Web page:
By Shawndi Purselley, CFP®, CDFA®, Owner and Co-Founder, Wealth Advisor
I remember when I was young, my great grandfather Lloyd made a joke once about his annual cost of living adjustment (COLA) he received on his social security check. He told my grandmother while laughing “look honey, we can go out to eat at Grandy’s one time on our raise!” I didn’t understand what that meant of course back then, but I do now. My grandparents lived from Social Security check to Social Security check. By no means did a COLA raise ever increase their standard of living. To be truthful, I don’t think it kept up with it very well either. I guess that’s why he thought the joke was so funny. Don’t get me wrong, Social Security is a very important part of a retirement plan. However, it was not designed to be the only source of income in retirement. That being said, it is important to ensure you are getting the full value of the benefits you are eligible for.
Most of us probably have a basic understanding of how Social Security works. We have watched our parents and grandparents navigate through it, but I continually speak to people that have misunderstandings about some key factors. Let’s take a look at a few factors that I believe are commonly overlooked.
Spousal Benefits –
- During marriage: When a worker files for retirement benefits, that worker’s spouse may be eligible for benefits based on the worker’s earnings. The spouse must be at least 62 or have a qualifying child in his/her care. The spouse can receive a benefit by as much as half of the worker’s primary insurance amount (depending on age). If the spouse is eligible for benefits under his or her own earnings, and if it is higher than the spousal benefit, the spouse will receive their own retirement benefits.
- After death: A surviving spouse may be eligible to receive benefits from a deceased spouse if the survivor is age 60 or over (or at least age 50 and disabled). Surviving spouse can receive full benefits at their own full retirement age or reduced benefits as early as age 60. If spousal benefits are started at age 60, survivor spouse can switch to his/her own record as early as 62. If the surviving spouse remarries AFTER reaching age 60, the remarriage WILL NOT affect eligibility of survivor benefits. If surviving spouse is already receiving spousal benefits, the payments will automatically convert to survivor benefits after the death is reported. Surviving spouses have the option of collecting the larger eligible benefit (deceased spouse’s benefit amount or their own benefit amount).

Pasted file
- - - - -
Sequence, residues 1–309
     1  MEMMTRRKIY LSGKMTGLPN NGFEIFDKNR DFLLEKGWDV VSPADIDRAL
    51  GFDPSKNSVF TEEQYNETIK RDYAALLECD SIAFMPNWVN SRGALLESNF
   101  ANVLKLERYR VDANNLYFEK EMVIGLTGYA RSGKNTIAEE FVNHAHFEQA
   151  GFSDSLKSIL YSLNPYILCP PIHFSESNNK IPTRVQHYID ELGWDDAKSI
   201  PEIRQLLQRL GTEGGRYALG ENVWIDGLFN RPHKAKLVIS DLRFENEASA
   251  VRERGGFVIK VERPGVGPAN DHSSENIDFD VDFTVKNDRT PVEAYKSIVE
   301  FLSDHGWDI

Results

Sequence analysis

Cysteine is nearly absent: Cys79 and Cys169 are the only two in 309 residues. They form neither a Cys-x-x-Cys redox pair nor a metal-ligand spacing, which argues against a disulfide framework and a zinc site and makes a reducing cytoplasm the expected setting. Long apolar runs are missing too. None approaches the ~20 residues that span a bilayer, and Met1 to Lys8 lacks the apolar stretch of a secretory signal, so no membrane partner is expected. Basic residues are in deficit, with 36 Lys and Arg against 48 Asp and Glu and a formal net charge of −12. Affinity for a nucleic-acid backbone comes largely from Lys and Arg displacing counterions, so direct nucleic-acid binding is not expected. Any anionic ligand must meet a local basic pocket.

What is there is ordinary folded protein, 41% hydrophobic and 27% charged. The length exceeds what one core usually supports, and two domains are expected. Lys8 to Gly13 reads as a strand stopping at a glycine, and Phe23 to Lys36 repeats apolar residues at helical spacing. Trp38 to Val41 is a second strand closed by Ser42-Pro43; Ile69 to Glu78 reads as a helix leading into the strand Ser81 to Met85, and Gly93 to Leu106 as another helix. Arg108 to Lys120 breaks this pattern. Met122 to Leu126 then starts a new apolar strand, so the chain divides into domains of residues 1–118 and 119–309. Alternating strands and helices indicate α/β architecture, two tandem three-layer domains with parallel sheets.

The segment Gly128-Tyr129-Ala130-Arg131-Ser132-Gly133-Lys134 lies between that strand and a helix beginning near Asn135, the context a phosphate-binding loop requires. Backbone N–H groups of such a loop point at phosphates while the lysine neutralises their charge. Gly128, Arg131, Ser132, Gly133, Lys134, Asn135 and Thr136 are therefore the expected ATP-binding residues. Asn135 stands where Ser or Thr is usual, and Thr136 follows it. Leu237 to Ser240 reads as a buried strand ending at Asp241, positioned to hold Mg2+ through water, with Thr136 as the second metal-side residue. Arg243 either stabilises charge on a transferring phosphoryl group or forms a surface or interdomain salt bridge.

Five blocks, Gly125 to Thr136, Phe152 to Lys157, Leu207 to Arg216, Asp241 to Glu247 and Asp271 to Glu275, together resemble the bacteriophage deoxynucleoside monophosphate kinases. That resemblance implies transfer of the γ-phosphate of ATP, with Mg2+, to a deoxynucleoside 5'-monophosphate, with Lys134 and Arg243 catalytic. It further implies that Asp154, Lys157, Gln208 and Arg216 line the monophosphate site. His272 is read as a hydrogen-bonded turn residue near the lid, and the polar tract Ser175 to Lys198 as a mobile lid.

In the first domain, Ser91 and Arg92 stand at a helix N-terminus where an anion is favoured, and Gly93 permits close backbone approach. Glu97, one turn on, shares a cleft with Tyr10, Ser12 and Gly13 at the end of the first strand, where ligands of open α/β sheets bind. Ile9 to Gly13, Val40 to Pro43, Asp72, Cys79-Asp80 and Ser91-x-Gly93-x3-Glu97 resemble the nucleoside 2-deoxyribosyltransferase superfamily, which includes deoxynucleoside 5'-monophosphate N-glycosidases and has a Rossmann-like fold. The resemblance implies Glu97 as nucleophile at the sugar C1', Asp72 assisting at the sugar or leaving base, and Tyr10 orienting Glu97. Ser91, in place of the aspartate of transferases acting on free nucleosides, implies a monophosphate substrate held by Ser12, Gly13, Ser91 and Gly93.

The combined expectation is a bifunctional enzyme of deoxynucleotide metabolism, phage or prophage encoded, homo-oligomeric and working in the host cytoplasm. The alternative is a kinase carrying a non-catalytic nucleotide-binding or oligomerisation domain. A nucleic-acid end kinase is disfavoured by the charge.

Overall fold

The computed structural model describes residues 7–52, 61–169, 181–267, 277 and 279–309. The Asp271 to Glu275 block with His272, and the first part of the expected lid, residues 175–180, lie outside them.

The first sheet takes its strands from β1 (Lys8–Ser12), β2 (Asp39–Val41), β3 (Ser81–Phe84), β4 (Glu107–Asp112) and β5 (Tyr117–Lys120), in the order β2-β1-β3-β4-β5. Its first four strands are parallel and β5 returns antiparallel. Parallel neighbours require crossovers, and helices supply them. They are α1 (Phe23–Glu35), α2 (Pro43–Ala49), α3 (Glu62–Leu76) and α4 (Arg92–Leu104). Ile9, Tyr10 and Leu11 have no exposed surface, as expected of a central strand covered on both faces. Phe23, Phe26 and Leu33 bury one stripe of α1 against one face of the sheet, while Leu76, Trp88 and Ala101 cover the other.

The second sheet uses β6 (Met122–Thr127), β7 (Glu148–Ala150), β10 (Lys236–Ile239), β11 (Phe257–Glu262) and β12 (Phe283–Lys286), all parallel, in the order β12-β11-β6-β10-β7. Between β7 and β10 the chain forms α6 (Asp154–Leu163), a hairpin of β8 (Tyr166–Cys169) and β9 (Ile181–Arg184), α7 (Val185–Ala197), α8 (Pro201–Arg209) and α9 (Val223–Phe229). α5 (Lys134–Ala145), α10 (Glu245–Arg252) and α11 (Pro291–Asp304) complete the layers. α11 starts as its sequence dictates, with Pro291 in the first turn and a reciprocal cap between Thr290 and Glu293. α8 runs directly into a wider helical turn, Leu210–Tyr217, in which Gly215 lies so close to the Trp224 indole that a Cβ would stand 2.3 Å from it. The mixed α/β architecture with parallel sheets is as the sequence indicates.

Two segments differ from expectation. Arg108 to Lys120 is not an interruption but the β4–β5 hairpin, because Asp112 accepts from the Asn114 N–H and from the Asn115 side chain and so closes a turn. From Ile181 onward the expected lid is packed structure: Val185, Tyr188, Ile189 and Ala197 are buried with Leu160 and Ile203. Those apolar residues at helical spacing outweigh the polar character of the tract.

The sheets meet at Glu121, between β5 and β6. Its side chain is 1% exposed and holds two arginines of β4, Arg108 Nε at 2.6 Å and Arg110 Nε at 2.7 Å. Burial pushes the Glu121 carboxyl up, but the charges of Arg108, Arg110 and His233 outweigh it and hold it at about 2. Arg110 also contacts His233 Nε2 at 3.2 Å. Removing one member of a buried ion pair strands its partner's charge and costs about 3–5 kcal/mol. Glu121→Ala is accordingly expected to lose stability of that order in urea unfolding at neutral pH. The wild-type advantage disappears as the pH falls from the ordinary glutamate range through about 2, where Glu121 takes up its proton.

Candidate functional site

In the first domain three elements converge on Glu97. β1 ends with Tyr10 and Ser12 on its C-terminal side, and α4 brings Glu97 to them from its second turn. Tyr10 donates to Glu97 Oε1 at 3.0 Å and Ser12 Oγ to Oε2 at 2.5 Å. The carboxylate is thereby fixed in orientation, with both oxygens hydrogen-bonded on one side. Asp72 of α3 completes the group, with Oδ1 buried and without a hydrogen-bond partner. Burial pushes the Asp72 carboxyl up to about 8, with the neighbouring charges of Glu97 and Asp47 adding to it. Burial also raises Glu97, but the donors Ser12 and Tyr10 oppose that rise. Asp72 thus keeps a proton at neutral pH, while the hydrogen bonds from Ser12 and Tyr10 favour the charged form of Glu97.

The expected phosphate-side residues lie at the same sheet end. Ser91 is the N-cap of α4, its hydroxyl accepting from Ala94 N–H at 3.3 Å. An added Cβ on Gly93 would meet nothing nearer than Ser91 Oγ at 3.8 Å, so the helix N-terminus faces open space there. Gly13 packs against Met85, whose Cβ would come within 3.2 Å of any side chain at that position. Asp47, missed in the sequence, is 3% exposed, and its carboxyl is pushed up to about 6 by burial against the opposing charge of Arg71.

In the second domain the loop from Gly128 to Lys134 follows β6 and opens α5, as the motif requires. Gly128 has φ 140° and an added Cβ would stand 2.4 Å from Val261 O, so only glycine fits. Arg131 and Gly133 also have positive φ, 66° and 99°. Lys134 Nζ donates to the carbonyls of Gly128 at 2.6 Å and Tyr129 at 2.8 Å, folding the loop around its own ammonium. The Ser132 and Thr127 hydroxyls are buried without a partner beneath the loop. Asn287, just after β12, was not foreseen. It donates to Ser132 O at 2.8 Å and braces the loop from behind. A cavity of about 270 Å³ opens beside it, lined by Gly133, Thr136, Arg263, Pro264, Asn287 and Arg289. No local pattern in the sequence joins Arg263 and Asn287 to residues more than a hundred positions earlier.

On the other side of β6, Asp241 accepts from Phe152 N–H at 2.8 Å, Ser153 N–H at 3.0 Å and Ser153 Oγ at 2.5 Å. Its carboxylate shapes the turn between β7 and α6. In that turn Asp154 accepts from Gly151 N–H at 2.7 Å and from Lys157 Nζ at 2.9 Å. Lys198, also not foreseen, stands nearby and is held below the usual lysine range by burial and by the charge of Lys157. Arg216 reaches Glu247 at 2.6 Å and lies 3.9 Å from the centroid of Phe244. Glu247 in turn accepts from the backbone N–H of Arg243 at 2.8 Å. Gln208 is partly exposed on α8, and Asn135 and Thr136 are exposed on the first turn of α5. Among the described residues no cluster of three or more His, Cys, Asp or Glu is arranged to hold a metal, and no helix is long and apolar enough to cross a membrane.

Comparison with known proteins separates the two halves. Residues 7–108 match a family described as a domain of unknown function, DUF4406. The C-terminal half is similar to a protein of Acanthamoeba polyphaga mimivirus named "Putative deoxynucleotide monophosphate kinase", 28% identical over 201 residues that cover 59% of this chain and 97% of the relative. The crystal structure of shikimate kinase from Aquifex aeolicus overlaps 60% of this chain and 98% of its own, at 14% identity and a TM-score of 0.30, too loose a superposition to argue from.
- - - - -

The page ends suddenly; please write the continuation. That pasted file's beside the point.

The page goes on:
- After divorce: If a marriage lasted 10 years or more, and ended at least two years before applying for benefits, an individual may be eligible for a spousal benefit. The individual must be at least age 62 and unmarried. If all of these criteria are met, then an individual can apply to receive benefits based on a former spouse’s record. The most an individual can collect from a former spouse is half of the worker’s primary insurance amount. This does not affect the amount the worker will receive in his/her own benefit. The same rules apply for benefits received on a deceased former spouse’s record.
Delay Credits –
Social Security retirement benefits can increase above your primary insurance amount if you opt to start your benefits past your full retirement age (FRA). Depending on your year of birth you may receive a delay credit to your retirement benefit amount by as much as 8%. This credit is always subject to change. However, at the writing of this blog, delay credits range from 5.5% to 8%. (www.ssa.gov). Delaying your Social Security benefit can be a way of potentially protecting against your risk of longevity. This credit could be significant should you live a very long life.
Since 1984, Social Security recipients with total income exceeding certain thresholds have been required to pay federal income tax on some of their benefit. The majority of our clients do pay some amount of federal income tax on their Social Security benefit. As annoyed as they are about paying taxes on their benefits, it indicates that they have other measurable forms of income. An individual tax filer may pay federal income tax on benefits received if the combined income for the tax year is at or above $25,000. For joint tax return filers, tax may be owed on Social Security benefits if combined income is at or above $32,000 as of the publication of this blog. Each year this is subject to change. Each year, recipients receive Form SSA-1099 or SSA-1042S showing the amount of benefits received for the previous year.
I hope this synopsis helps you uncover some things you may have missed when considering Social Security benefits. If you have questions, we are always here to help. You can also find great information directly at www.ssa.gov. In addition, this link provides great insight to Social Security retirement benefits.